Created by Ruth Elliott

Welcome! Join me as I reflect on my learning journey with Web 2.0 tools. I'm sure I will find bandwagons to jump on along the way. Let's enjoy the trip.

Sunday, July 12, 2009

Bananas Foster Anyone?

Garden Strawberry "Fragaria".Image via Wikipedia

Last week I was cutting up strawberries for breakfast in my sister-in-law's kitchen. She was searching for a recipe for Bananas Foster. Unhappy with the recipes in her cookbooks, Heather asked her husband to go online for a recipe. She said, Find a recipe easy enough for you to make. He came back with a recipe as well as a crazy accent as he told us how to "kook" this dish. In the end, he made the Bananas Foster for us following the You Tube video by Chef Jean-Pierre.

Yesterday, once I realized that the next topic was video sharing, I began to search for interesting You Tube videos. Three that I found were related to current news items (United Breaks Guitars, Dave Carroll's response to United's offer of compensation, and a video to provide context to the still photo of Obama in France). Besides the Bananas Foster recipe, there were many other How-To videos: Watermelon nails, Make a Kappa Maki roll, and a tutvid on using Photoshop to create an I-Tunes picture. This guy is an amazing teacher. I wish I had Photoshop just to try to do what he taught. I could see this video used in a high school or technical college to teach students to use all the drawing tools at their disposal. Tutvid also has many other tutorials on photography and drawing. I have subscribed to his blog posts because he seems like a very interesting guy. He's so willing to share what he kno

Assembly line at Hyundai Motor Company’s car f...Image via Wikipedia

ws. He even polls his readers to see what they want to learn next. My brother-in-law calls this informal learning. Teach people what they need when they want it rather than making them sit through a day long workshop in which only one hour is relevant to their specific needs. Maybe this could also be called "Just in time" learning. I have heard that for the assembly lines for trucks or automobiles, many parts are delivered from nearby warehouses or factories, just in time--exactly when they are needed and not any sooner. Otherwise they would need to be stored or would gather dust until needed. If the parts were not stored properly, they could be rusty or somehow defective when it was time to use them--to install in that new vehicle.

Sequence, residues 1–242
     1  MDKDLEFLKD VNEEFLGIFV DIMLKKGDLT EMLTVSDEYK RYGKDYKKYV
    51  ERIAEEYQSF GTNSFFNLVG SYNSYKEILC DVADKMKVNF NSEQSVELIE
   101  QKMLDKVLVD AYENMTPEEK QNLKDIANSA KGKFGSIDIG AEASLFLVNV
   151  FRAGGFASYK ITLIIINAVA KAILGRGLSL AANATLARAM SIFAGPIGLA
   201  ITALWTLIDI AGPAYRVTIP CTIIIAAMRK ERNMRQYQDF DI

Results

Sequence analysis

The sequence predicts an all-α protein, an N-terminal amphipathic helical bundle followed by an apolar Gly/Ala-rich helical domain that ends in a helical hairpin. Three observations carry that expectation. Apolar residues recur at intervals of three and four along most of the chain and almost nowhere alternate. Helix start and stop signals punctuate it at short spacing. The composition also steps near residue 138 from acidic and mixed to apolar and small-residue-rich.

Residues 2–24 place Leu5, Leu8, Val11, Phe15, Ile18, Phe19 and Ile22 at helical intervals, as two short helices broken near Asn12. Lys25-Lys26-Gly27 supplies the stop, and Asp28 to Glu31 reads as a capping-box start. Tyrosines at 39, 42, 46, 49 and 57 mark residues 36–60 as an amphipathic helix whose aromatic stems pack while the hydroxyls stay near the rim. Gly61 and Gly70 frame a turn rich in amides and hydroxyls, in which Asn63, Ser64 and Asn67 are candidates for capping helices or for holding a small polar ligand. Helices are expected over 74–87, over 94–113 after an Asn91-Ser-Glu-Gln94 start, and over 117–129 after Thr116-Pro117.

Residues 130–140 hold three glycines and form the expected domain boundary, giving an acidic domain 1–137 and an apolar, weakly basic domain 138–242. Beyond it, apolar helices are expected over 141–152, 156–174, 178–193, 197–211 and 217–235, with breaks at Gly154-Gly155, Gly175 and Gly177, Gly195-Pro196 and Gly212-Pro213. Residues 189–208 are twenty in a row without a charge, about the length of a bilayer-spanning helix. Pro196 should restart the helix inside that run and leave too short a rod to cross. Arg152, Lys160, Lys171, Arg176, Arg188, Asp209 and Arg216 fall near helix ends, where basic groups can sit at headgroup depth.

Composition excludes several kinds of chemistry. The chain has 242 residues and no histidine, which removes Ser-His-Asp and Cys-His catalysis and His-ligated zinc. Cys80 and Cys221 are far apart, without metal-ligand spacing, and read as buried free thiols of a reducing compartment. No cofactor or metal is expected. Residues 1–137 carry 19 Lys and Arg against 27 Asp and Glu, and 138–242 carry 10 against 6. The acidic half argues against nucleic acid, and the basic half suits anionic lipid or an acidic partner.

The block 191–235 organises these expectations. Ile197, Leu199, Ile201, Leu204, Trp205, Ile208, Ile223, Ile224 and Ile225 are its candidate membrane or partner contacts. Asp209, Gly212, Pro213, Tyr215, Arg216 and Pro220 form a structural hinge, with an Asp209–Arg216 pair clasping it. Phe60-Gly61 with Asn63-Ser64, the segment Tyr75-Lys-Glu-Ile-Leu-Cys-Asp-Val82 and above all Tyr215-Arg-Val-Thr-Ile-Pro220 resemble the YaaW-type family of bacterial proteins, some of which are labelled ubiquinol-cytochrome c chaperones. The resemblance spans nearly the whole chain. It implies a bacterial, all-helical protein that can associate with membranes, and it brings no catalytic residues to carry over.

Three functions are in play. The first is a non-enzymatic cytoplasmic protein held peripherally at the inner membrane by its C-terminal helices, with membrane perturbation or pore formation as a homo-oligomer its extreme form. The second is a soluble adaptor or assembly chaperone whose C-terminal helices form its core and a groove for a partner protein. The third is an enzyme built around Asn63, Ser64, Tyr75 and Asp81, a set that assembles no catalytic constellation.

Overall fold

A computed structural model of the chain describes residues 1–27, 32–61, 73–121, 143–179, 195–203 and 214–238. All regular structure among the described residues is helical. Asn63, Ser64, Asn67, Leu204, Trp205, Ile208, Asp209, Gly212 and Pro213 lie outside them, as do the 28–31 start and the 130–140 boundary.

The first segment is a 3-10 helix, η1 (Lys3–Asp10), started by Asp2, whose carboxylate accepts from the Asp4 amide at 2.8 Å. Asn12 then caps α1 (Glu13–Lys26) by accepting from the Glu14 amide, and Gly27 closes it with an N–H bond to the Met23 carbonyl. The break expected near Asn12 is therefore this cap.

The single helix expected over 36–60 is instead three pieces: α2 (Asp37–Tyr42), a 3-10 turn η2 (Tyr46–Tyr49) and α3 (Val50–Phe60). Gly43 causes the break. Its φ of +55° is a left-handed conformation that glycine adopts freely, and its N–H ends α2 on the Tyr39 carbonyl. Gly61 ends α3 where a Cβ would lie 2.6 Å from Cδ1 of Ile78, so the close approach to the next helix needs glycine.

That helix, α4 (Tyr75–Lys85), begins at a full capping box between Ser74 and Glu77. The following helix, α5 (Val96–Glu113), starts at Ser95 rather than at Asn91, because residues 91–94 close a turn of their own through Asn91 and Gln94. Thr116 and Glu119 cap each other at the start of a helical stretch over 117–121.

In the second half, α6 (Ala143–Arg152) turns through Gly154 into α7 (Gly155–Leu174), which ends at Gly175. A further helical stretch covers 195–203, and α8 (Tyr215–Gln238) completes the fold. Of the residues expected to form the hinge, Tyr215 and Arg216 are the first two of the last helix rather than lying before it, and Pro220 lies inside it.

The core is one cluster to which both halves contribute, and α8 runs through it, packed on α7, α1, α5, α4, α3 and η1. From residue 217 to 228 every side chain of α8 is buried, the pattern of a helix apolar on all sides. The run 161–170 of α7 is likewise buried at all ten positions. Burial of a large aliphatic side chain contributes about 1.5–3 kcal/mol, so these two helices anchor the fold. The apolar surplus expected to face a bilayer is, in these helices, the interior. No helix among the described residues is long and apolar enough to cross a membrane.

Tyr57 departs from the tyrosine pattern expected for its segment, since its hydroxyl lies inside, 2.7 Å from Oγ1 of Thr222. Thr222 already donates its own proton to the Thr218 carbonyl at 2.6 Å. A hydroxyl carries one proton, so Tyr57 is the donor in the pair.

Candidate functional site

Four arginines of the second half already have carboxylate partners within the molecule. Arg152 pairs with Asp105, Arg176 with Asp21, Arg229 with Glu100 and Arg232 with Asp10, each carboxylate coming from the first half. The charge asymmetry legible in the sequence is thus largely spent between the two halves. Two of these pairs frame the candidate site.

Could it be the same thing with our computer or technological knowledge? What if we could get the information we needed Just in Time, exactly when we needed it. Just as my brother-in-law found and used a Bananas Foster recipe within a half-hour time period, what if we had collections of You Tube videos which provided Just in Time, informal learning, very specific subject matter assistance to our students when they needed it? Obviously, we would need lots of computers to provide that access. I continue to be concerned for those living outside of the wired world--the half of my students with no computer at home. As the rest of us zip forward, what kind of dust are they eating?